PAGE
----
Concept

Frankpledge

Summary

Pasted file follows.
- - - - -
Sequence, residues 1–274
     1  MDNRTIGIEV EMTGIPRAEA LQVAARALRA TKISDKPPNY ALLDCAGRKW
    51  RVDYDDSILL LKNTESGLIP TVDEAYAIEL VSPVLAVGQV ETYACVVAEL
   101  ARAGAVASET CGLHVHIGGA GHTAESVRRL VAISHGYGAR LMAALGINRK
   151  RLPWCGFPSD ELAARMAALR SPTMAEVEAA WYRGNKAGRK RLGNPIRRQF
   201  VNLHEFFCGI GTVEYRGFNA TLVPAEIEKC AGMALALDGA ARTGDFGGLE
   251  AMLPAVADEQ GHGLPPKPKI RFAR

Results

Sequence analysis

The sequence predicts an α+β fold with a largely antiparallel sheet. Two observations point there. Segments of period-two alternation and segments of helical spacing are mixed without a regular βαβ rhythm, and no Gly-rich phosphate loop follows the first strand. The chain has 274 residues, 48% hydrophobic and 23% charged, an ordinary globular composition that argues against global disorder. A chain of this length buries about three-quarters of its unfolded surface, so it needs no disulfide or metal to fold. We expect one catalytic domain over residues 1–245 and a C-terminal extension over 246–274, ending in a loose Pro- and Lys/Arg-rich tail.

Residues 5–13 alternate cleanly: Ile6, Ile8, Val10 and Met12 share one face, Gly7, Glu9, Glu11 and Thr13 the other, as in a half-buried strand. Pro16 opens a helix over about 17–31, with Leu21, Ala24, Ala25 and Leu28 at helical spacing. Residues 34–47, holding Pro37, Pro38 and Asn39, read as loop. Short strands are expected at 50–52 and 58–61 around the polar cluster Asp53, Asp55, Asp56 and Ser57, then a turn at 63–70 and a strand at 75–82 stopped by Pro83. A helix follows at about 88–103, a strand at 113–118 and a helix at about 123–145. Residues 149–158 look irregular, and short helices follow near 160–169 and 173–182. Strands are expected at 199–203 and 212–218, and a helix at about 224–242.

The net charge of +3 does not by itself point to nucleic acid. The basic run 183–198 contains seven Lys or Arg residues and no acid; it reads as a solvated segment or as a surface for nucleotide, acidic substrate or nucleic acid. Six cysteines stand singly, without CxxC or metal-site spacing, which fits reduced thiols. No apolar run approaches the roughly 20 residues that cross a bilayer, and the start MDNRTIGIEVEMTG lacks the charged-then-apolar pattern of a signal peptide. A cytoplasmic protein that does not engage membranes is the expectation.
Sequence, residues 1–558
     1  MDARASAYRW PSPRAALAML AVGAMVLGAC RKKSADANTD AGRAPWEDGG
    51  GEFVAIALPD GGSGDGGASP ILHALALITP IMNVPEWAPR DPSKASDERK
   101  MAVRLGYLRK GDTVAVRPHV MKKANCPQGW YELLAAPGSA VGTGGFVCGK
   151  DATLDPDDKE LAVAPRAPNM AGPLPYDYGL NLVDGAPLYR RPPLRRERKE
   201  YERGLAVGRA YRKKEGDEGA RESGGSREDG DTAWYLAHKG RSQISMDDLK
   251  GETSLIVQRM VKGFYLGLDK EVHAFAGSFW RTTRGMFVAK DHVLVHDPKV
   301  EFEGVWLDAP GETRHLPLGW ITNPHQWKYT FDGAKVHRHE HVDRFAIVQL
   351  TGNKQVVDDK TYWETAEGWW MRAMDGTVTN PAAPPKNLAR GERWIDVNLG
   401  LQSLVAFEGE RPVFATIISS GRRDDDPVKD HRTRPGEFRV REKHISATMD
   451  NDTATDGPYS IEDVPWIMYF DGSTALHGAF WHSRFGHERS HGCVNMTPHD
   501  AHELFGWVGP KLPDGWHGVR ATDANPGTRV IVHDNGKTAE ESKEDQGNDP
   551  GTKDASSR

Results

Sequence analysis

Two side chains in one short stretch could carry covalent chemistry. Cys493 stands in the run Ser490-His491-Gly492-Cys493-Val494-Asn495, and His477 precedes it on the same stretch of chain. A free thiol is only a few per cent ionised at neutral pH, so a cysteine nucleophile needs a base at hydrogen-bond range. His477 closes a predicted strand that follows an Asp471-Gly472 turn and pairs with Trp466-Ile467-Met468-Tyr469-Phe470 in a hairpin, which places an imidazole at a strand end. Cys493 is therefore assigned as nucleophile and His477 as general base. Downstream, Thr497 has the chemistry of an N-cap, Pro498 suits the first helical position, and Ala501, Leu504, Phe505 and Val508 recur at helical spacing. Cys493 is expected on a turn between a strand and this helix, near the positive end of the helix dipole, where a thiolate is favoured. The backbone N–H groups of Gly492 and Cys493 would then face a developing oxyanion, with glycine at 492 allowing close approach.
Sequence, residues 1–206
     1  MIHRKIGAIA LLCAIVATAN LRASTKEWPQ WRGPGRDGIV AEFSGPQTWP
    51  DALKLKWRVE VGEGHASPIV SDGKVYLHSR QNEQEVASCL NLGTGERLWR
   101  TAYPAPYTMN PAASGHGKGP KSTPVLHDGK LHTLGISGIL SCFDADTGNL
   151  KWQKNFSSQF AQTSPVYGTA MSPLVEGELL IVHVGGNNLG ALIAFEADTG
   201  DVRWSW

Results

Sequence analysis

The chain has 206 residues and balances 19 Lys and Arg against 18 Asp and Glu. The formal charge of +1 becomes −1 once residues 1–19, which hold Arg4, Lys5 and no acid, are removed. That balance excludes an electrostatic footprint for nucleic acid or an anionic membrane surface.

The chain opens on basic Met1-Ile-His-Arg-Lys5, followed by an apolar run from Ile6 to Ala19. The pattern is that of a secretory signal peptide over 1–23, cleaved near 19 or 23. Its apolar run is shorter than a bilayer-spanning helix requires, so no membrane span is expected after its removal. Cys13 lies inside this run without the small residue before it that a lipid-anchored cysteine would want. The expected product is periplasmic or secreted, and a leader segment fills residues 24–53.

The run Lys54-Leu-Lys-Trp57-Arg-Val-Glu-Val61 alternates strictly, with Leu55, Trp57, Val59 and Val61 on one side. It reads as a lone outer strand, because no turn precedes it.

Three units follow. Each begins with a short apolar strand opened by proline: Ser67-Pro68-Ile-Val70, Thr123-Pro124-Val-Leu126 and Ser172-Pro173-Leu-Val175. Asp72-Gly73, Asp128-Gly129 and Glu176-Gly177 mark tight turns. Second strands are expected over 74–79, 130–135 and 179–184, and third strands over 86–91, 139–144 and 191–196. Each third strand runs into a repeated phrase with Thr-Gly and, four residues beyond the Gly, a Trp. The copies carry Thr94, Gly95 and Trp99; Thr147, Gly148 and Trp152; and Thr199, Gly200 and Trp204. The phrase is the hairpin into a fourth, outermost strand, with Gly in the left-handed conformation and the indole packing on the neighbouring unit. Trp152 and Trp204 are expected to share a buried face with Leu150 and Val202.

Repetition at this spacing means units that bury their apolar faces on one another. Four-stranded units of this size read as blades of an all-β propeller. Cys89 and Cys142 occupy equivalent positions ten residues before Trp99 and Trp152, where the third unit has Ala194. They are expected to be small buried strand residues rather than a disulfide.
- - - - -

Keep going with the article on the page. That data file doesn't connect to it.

Frankpledge was a system of joint suretyship common in England throughout the Early Middle Ages and High Middle Ages. The essential characteristic was the compulsory sharing of responsibility among persons connected in tithings. This unit, under a leader known as the chief-pledge or tithing-man, was then responsible for producing any man of that tithing suspected of a crime. If the man did not appear, the entire group could be fined. While women, clergy and the richer freemen were exempt, otherwise all men over 12 years of age were organised in the system for mutual surety. Origins The first mention of frankpledge comes in 1114–1118, with the Leges Henrici Primi; but 12th-century figures like William of Malmesbury were keen to link it to pre-Norman times, and to the laws of Canute the Great. Some historians have indeed seen in the Anglo-Saxon frith-borh (literally "peace-pledge") the clear anticipation of frankpledge; others consider the 12th-century commentators were readi
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